Sunil Gavaskar slams selectors for ignoring Sarfaraz Khan, asks BCCI to stop Ranji Trophy

Sunil Gavaskar’s IPL vs Ranji Trophy debate reignites amidst Ind vs WI squad selection as Sarfaraz Khan gets ignored

The recent announcement of India’s squad for the West Indies series has generated mixed reactions among cricket enthusiasts. While emerging players like Ruturaj Gaikwad and Yashasvi Jaiswal have earned their spots, the omission of Sarfaraz Khan, a talented young player who consistently excels in domestic cricket, has raised concerns and disappointment.

Sunil Gavaskar, the former captain of the Indian cricket team, has criticized the selectors for their omission of Sarfaraz Khan from the Test squad for the upcoming West Indies matches. Gavaskar has raised concerns about the selection process, stating that if players are exclusively chosen based on their performances in the Indian Premier League (IPL), then the significance of the Ranji Trophy tournament becomes questionable.

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During an interview with India Today, Gavaskar emphasized Sarfaraz Khan’s consistent brilliance in the Ranji Trophy. Over the last three seasons, Sarfaraz has maintained an impressive average of 100 runs. Gavaskar questioned what more Sarfaraz needs to demonstrate in order to earn a place in the squad. He suggested that even if Sarfaraz may not find a spot in the playing XI, he should still be acknowledged and included in the team.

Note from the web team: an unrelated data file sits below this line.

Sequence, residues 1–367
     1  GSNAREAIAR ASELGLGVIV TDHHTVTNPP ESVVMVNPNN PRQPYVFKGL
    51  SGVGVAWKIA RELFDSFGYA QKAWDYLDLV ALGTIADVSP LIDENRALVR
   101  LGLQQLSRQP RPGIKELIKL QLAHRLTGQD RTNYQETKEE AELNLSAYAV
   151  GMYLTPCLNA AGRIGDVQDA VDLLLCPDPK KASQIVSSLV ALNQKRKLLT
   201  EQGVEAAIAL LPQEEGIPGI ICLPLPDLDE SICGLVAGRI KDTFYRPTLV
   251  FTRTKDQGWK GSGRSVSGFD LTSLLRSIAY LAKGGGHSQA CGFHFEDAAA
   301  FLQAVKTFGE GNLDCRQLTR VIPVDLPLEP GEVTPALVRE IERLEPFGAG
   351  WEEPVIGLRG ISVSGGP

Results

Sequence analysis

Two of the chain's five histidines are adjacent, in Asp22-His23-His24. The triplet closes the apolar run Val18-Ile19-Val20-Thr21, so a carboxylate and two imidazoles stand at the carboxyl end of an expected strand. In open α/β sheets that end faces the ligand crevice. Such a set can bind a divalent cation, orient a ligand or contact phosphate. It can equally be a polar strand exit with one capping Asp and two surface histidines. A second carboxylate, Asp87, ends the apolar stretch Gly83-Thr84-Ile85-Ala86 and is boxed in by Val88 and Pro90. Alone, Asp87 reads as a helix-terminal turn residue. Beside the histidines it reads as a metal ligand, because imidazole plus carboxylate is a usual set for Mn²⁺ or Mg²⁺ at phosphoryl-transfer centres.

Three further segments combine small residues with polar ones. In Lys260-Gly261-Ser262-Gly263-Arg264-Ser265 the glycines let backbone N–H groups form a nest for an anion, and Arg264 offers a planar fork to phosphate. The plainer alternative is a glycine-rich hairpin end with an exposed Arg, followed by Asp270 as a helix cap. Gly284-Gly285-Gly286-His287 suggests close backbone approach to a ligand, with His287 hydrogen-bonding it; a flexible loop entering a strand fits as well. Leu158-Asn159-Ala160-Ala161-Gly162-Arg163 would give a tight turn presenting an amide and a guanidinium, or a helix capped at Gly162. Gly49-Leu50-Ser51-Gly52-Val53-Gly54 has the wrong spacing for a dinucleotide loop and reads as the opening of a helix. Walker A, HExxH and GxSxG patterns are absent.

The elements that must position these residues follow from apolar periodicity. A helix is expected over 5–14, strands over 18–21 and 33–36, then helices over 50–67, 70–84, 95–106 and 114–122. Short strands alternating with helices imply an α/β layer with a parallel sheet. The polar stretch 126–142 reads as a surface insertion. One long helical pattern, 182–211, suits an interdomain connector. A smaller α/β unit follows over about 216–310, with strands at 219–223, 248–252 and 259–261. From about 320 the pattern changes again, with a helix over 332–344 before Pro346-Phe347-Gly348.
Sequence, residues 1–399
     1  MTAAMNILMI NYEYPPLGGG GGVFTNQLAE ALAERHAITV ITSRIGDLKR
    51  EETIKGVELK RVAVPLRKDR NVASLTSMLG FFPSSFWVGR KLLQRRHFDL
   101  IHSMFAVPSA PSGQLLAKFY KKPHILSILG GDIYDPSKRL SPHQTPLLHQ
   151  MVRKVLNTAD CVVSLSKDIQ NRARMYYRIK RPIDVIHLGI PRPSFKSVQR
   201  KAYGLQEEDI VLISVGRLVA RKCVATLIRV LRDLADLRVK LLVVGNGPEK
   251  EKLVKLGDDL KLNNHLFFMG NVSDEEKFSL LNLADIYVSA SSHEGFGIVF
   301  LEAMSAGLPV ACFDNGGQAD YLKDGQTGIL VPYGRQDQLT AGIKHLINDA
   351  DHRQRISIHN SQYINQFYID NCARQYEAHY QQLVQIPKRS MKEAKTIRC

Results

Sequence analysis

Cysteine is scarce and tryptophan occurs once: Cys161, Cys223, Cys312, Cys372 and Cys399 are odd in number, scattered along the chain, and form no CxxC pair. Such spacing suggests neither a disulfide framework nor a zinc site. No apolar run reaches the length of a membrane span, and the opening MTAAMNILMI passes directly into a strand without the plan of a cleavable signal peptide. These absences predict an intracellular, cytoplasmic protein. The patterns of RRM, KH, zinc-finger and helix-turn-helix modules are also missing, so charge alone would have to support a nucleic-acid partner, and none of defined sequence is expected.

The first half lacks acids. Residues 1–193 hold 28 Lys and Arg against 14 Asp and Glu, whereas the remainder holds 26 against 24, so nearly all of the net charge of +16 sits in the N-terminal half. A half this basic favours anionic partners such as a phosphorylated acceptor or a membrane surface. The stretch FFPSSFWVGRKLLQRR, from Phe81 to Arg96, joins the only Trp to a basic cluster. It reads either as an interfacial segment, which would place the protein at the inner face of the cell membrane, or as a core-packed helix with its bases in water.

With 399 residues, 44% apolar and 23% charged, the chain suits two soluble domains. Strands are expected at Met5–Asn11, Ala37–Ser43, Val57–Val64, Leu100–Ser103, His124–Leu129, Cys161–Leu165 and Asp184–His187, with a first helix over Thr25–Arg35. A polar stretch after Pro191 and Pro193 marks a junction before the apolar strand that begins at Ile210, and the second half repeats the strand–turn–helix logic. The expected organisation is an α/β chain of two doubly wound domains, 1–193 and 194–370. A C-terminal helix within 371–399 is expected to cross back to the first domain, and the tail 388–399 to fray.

Sarfaraz Khan’s absence from the national squad is puzzling, considering his remarkable performances and impressive statistics in the Ranji Trophy. With an outstanding record of 982 runs in the 2021-22 season at an average of 122.75 and 556 runs in the subsequent season at an average of 92.66, Sarfaraz has proven his batting prowess.

Gavaskar’s critique suggests that if selectors fail to recognize the efforts of players like Sarfaraz, it raises questions about the purpose and significance of the Ranji Trophy. He argues that it would be more appropriate to state that playing in the IPL alone is sufficient for players to consider themselves suitable for the red-ball format, rendering the domestic tournament redundant.